10 March 2011 by Published in: Blog 1 comment

By Martin Willis

I enjoy the work of Louis Comfort Tiffany and after Reyne Haines and I did Podcast #72. about his  glass, I decided to write a little about him. There is so much to write when it comes to Tiffany, I am only able only touch on a few facets with this blog in the area of windows and art glass.

When you look back in time, you can see that there have been only a hand full of  individuals who have truly shaped our world. Louis Comfort Tiffany did just that with American design & decorative arts the last part of the 19th through the early 20th century. His influence still affects pieces made to this very day.

Charles Tiffany

Louis was born with a very nice silver spoon on February 18, 1848 to Charles Lewis and Harriet Olivia Young Tiffany. Charles started out with John B. Young in stationary goods and gifts in New York City. He eventually became the founder of Tiffany & Co. (Tiffany & Young Co.). He imported goods and fine treasures from all over the world. He eventually employed some of the finest silver makers & jewelers in the country. Growing up in an environment like this heavily influenced Louis and soon he decided that he wanted to become an artist.

In my opinion the works that I have seen by Louis have been very strong. He painted oils and watercolors and often in the orientalist manner. He studied art under George Inness and Samuel Coleman in New York and under Leon Bailly in Paris.

While he was an extremely talented artist, he knew in his heart that he could only seek a certain level as a painter and this was not good enough for him.

Louis C. Tiffany

Around 1875 he turned to working in another medium, glass. He actually spent time working in several glass houses in Brooklyn between 1875-1878.

Tiffany’s father’s money and influence gave him a perfect launching pad for his creativity. In 1879, he joined with Candace Wheeler, Samuel Colman and Lockwood de Forest to form Louis Comfort Tiffany and Associated American Artists. With over 100 artists and associates, he began decorating homes of the influential including the Mark Twain House in Hartford, CT and later to the Whitehouse under Chester A. Arthur. This company lasted until 1885 and the breakup was mostly because Tiffany wanted to get back to glassmaking. Tiffany Glass Company was formed later that year in December, (the name changed to Tiffany Studios in 1902).

He began designing and making windows, yet both he and John La Farge were frustrated working with the stained glass that they could purchase, and ultimately began creating their own glass.  If you have ever looked at one of Tiffany’s windows  with the sunlight coming through or a lamp well lit, you know the sheer beauty of the glass he created. There have been many copycats, but no one has ever come close to recreating the richness of color that his glass possessed. Tiffany eventually had the largest stained glass studio in the country. He employed hundreds of people and made thousands of windows. I hope the reader is able to enjoy the beauty of his work. There are great examples even in California, such as St Peter’s Chapel, Mare Island.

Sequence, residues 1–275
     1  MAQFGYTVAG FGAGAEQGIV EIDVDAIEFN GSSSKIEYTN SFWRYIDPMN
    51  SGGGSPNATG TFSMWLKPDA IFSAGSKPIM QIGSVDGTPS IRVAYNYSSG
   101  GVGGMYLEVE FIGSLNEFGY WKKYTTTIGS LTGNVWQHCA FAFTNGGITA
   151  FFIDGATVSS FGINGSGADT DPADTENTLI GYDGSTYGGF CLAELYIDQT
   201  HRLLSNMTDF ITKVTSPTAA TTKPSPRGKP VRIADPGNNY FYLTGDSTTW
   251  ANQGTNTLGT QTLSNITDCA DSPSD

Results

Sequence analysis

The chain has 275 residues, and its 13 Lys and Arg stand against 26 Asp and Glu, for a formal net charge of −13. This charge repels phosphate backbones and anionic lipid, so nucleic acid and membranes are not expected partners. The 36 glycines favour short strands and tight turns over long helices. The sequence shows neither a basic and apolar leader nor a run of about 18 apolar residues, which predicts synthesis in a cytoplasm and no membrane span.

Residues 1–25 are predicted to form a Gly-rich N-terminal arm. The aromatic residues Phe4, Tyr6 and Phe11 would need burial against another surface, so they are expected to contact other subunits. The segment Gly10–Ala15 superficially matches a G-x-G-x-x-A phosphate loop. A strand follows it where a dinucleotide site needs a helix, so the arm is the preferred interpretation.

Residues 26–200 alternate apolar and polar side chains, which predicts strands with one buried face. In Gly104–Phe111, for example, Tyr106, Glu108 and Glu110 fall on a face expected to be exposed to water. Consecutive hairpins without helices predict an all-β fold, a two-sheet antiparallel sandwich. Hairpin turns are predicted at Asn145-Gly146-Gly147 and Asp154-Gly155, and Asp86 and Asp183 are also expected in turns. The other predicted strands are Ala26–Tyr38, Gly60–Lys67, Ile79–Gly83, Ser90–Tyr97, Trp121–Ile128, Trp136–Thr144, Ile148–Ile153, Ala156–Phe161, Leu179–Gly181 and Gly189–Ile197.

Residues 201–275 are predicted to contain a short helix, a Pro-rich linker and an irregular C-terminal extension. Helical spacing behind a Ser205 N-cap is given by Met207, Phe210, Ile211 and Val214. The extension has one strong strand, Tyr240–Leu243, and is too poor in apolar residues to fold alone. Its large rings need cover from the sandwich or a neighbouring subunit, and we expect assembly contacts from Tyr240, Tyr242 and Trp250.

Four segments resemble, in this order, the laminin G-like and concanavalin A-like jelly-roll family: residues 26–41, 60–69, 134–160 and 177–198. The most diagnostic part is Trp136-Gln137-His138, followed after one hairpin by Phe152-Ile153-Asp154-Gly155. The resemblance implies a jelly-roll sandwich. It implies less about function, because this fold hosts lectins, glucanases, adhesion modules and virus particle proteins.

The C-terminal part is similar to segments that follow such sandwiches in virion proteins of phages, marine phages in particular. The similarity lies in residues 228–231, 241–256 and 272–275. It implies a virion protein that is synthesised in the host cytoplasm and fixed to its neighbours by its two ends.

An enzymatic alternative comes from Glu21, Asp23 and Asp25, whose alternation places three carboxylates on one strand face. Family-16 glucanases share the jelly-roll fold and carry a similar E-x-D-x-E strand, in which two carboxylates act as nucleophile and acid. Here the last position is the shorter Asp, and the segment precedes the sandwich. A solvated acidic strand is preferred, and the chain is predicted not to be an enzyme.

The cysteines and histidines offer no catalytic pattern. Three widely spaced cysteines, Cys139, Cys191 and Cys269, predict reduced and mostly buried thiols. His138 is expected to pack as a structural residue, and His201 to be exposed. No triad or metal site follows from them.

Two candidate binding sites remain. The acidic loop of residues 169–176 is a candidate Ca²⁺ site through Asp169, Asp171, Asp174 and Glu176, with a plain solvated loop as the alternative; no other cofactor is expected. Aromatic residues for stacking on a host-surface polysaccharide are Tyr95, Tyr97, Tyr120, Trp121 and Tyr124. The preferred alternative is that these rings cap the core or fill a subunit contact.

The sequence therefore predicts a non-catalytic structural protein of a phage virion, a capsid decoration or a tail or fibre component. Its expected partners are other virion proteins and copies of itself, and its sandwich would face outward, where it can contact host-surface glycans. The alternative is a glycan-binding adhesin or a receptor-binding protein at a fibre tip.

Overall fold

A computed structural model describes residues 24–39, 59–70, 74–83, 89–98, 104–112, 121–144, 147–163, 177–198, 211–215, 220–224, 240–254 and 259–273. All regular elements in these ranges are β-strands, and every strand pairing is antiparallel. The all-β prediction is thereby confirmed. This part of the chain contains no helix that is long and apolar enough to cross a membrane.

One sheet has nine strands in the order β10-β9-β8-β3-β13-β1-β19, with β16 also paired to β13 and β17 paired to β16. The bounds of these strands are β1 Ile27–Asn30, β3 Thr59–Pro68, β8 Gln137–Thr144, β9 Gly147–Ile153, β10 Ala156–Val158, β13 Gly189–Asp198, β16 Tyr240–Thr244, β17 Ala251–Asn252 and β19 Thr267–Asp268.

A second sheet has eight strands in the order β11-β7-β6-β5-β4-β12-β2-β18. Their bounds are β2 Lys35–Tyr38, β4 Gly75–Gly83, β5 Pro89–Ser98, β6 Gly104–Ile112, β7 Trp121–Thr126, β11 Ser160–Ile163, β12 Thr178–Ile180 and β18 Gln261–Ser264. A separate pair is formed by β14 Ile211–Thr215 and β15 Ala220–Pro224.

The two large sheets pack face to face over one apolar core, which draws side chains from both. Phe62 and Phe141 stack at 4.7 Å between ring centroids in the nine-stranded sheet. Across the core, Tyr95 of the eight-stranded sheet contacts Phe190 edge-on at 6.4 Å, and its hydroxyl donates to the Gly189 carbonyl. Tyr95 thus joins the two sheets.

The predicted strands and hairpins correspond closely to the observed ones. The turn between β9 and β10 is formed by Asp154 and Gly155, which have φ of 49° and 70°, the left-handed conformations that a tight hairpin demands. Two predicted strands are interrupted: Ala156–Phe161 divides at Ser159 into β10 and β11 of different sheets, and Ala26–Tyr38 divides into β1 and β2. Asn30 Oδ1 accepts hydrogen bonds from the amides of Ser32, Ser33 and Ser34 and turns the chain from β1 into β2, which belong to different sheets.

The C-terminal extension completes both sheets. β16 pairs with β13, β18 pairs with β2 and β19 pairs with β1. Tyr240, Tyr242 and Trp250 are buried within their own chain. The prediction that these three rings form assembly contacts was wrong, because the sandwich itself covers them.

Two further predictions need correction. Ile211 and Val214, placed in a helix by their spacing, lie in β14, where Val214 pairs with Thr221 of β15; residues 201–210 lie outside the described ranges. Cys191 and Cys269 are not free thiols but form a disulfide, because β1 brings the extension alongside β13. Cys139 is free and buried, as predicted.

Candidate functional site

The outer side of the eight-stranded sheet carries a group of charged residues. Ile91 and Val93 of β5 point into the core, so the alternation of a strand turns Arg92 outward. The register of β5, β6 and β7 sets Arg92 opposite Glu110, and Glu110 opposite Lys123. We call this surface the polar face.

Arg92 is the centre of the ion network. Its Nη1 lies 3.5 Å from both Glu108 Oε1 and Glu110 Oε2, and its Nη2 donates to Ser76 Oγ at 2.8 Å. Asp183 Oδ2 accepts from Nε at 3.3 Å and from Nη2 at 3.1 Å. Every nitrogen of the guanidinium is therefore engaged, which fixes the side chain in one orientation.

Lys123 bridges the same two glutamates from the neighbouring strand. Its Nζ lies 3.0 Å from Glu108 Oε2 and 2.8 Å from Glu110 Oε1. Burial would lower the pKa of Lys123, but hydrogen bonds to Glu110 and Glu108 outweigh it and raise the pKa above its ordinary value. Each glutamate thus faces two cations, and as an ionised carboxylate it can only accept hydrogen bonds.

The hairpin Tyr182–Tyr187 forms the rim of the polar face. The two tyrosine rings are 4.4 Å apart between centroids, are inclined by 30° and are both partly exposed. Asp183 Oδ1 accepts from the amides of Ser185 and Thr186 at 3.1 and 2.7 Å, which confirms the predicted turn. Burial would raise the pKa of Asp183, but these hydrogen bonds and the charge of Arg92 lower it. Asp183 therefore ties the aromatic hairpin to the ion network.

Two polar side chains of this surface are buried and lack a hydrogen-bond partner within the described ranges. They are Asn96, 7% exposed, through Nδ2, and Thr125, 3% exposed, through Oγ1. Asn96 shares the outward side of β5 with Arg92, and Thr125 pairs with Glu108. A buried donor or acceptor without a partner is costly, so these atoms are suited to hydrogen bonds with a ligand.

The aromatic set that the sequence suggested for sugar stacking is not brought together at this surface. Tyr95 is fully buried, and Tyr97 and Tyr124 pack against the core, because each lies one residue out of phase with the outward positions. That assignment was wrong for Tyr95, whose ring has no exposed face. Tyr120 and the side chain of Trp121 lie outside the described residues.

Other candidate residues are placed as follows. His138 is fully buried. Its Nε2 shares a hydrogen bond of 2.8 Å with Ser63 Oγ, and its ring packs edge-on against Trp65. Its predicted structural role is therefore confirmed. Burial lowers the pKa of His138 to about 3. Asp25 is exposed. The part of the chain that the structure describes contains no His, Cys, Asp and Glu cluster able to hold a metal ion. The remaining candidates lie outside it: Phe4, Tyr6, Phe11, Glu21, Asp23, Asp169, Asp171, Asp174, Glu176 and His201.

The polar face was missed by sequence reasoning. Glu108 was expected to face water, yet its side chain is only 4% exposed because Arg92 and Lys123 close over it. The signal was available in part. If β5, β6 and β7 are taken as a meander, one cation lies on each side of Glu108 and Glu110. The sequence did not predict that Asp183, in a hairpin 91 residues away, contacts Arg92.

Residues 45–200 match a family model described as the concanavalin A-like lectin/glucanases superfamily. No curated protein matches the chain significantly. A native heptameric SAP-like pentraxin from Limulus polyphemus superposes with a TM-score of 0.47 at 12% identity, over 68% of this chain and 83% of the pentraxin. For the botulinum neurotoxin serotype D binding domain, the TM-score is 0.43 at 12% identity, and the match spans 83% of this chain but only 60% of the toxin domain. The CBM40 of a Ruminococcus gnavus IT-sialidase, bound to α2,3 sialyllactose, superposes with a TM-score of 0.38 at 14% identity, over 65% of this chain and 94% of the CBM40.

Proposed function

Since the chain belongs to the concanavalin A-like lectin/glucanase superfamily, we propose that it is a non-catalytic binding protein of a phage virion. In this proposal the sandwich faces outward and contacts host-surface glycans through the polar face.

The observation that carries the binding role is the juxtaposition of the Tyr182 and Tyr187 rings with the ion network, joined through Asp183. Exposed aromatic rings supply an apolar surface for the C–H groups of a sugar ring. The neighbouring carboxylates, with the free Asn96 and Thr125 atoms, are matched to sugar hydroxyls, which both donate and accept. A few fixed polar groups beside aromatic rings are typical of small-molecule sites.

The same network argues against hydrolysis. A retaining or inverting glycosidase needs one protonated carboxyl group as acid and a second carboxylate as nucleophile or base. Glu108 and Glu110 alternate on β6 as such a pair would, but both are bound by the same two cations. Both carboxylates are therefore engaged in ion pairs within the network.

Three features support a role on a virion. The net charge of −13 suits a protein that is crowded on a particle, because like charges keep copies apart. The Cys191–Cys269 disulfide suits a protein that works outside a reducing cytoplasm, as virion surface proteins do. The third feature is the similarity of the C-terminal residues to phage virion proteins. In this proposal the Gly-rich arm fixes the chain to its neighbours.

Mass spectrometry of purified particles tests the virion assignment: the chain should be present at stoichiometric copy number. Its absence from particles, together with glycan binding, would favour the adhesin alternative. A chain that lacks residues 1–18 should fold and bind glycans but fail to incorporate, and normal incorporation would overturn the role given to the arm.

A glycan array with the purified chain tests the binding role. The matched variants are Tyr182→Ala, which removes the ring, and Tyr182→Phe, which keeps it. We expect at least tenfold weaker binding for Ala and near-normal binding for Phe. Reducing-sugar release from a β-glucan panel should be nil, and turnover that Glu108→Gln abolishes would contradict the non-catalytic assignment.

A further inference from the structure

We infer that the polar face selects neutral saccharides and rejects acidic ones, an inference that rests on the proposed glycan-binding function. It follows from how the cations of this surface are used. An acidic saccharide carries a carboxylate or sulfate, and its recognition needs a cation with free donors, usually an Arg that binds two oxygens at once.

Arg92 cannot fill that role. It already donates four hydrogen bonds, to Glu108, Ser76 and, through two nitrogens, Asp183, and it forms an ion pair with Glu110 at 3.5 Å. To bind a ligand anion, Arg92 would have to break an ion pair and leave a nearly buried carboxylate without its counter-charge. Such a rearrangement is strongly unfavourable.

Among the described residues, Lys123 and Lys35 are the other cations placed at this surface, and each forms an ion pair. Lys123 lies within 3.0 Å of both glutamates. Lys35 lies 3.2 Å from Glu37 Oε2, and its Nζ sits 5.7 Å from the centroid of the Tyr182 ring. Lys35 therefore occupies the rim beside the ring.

As electricity started to flow throughout the homes of our country, Tiffany took full advantage with the mosaic shades he created. I knew the granddaughter of one of Tiffany’s lamp makers and she had a wonderful collection. It sadly owned her, as she did not dare to leave her house. More about lamps and other creations at another time.

Roman Glass

Louis was heavily influenced by the iridescence of Roman glass (caused by decay) that he had seen at the Victoria and Albert Museum in 1865. This extensive collection of Roman and Syrian glass made a deep impression on him. He began working with chemicals to produce a similar effect. Favrile Glass is a type of iridescent art glass designed by Tiffany.  It was patented in 1894 and first produced in 1896. It differs from most iridescent glass because the color is ingrained in the glass itself, as well as having distinctive coloring.

Tiffany’s art glass remained in demand until he died in 1933, it fell out of favor for many years and started a comeback in the 1960s. It is still going strong today.

I always like to talk about fakes on my podcasts, so I will touch on that a little here. A genuine Tiffany piece should shout out quality when you first look at it. If you look at a piece that is supposed to be Tiffany, yet in your gut, something is missing or it looks too “something”, then you are most likely right. As Reyne Haines says, the signature is the last thing you should look at. However, this may take a trained eye. If you are a novice collector, I would suggest to turn to a reputable dealer or auction house that will stand by their descriptions.

Another topic Reyne and I talk about in the accompanying podcast is, that it is important to buy what you like. Don’t buy something that you think is rare, but do not like. You are the one who has to live with it. Also, you are much better off using the same amount of money that it would take to buy ten mediocre pieces and buy one very nice piece instead. It never hurts to collect variations as well.

As I said in the beginning, there is much to write and talk about on Louis Comfort Tiffany. It is hard to even scratch the surface of one or two areas of his work in a blog. I hope some of you enjoy viewing the fine works of the Louis Comfort Tiffany as much as I do.

Happy hunting everyone!


  1. Jim Kain
    Thu 17th Mar 2011 at 8:35 pm

    I did not know he painted. The mosque is spectacular, as is the glass. I will get out to Mare Island soon to see the chapel windows. Tiffany is special.
    Do a part II.

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